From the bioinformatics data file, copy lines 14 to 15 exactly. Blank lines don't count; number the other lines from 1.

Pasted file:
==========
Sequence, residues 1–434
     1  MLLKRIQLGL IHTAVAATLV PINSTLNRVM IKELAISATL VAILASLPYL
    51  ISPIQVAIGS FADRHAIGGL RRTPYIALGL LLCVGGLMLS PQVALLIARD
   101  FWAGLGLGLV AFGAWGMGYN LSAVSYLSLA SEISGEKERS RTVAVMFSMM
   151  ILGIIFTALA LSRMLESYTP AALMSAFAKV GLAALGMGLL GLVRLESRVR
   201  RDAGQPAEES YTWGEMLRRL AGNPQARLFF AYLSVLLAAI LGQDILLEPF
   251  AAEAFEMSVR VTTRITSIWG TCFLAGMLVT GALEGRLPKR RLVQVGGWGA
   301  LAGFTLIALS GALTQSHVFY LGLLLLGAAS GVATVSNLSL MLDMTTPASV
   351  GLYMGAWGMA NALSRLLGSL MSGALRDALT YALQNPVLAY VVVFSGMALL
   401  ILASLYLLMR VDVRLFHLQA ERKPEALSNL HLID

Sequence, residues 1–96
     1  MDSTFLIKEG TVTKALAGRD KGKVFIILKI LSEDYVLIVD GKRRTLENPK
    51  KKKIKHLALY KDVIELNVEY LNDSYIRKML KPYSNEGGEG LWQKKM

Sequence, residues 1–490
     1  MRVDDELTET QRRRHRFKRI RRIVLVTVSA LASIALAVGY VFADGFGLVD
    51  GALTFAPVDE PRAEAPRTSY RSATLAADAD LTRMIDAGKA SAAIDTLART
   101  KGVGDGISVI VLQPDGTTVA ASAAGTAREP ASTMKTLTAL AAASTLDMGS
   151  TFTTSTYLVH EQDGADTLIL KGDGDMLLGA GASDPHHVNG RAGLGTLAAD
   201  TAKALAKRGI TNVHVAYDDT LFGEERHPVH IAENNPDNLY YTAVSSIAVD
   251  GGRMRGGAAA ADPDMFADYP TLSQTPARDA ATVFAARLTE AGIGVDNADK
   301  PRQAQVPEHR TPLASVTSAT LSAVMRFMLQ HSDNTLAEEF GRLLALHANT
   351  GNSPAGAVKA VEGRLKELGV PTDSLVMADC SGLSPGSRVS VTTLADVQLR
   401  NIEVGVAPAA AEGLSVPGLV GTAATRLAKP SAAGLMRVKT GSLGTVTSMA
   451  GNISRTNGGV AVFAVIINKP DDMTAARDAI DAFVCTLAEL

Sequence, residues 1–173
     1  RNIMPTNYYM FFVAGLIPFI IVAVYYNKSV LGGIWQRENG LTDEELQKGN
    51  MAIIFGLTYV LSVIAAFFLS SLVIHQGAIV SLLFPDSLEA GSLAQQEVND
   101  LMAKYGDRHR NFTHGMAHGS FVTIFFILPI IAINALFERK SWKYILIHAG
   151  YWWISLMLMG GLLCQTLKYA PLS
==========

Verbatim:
Sequence, residues 1–490
     1  MRVDDELTET QRRRHRFKRI RRIVLVTVSA LASIALAVGY VFADGFGLVD